SAN JOSE, Calif., July 21, 1997 – The Salutation Consortium today announced that it is working with Hewlett-Packard Company, a member of the Consortium, on ways to support HP’s newly announced JetSend technology in the Salutation Architecture.
“We are identifying areas where integration of the two technologies will enhance user benefits,” said Robert J. Horton, Alliance Marketing Manager, HP Information Appliance Operation. “Users will be well served when these two technologies supplement and complement one another.”
“One of the early members of the Consortium, HP has demonstrated its commitment to developing technology that will simplify communications between a broad range of information appliances. JetSend is a major contribution to moving this vision forward,” said Robert F. Pecora, managing director of the Consortium.
Comparison of JetSend and Salutation
Salutation and JetSend are based on the common vision of enabling different types of equipment, including computers, office equipment, and home devices to interoperate. The Salutation Architecture sends a network query to determine the characteristics of a device, application or service, allowing fullest possible use of the characteristics discovered. JetSend is a device-to-device protocol that allows two devices to connect, negotiate data types, provide status updates, and exchange information. In enabled devices, both JetSend and Salutation work without user intervention.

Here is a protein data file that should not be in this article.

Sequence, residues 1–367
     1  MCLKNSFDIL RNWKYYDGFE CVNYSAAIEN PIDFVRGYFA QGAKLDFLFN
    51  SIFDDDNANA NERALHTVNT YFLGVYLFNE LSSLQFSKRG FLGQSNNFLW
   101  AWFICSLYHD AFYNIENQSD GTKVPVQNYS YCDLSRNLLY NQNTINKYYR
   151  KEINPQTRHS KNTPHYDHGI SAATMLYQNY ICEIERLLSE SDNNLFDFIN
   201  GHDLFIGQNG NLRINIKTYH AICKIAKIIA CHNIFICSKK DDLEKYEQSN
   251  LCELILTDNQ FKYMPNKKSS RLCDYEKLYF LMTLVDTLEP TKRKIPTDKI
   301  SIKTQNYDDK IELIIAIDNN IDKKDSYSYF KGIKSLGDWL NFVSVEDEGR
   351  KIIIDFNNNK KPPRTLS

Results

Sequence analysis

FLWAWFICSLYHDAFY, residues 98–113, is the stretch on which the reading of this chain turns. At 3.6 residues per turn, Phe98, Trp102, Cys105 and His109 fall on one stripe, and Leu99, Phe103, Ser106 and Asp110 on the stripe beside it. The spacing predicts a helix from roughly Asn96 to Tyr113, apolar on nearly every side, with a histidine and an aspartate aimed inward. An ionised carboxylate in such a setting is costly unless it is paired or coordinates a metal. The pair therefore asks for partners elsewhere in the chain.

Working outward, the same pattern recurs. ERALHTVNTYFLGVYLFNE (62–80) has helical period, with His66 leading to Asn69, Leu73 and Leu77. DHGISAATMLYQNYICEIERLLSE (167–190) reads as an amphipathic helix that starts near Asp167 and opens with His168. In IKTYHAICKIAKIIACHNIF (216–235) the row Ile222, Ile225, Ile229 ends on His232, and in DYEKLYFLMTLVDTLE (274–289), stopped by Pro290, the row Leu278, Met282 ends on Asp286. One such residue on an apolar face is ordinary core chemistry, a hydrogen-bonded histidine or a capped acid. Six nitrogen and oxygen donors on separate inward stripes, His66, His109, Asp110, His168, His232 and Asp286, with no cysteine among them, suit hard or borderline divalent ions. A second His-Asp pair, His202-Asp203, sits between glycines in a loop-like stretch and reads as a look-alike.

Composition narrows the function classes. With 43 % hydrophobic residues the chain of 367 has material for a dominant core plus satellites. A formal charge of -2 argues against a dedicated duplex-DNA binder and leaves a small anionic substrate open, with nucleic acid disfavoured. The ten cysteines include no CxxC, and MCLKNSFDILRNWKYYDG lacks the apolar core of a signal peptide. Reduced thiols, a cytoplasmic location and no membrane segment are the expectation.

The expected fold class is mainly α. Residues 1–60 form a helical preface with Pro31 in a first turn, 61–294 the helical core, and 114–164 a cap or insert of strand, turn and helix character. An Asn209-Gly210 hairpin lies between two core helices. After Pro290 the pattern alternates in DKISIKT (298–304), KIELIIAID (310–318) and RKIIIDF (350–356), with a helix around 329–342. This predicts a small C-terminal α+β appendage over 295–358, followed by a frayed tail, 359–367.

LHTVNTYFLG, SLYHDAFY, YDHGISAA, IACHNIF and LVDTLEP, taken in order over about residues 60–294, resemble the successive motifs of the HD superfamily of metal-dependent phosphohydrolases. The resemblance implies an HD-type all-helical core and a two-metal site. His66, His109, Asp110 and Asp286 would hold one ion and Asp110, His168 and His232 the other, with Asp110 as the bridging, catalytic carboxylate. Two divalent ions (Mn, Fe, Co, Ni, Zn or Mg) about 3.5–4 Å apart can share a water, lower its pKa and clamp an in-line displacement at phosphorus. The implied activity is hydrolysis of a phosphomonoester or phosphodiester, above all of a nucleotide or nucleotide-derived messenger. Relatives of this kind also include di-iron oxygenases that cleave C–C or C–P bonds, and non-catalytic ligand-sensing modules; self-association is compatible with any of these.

Both approaches fit into today’s computing environment.
The Salutation Architecture supports a process to determine and make full use of unique features of a connected information appliance. For example, Salutation provides benefits in a directory centric environment. A directory service can maintain detailed information about connected appliances and assure that each device operates to its fullest capacity.
JetSend’s device-to-device protocol provides benefits where a directory-centric model does not apply. JetSend ensures that two information appliances can share one of a set of data types and allows the appliances to select the capabilities that will provide the highest available level of information exchange. In this way, JetSend ensures communication can take place between the devices.
Steps Toward Integration
As a first step toward providing users with an integrated approach, the Consortium, with HP’s assistance, will investigate adding a JetSend Functional Unit to the Salutation Architecture. The JetSend Functional Unit would allow a user to utilize the Salutation APIs and protocols to determine to the “JetSend capabilities” of an information appliance and adjust interactions based on the response. The Consortium will also investigate other approaches to integrating the two technologies. An initial checkpoint is scheduled for the Salutation Technical Subcommittee meeting in October.
About the Consortium
The Salutation Consortium has published an open specification that enables an application to locate a particular resource on a network through a broadcast query. The specification is independent of network transport, hardware platform, and operating system software and supports standard Internet and other message formats.
The Salutation Consortium is a non-profit corporation with member organizations in the United States, Europe, and Japan. Member companies include APTi, Axis Communications, Brother, Canon, Casio, Cisco, Eastman Kodak, Fuji Xerox, Fujitsu, Hewlett Packard, Hitachi, Integrated Systems, IBM, Iwatsu, Justsystem, Kobe Steel, Komatsu, Konica, Lexmark, Matsushita, Microware Systems, Minolta, Mita, Mitsubishi, Murata (Muratec), Novell, Oki Data, Ricoh, Rios Systems, Sanyo, Seiko Epson, Sharp, Sun Microsystems, Toshiba, WhetStone, and Xerox.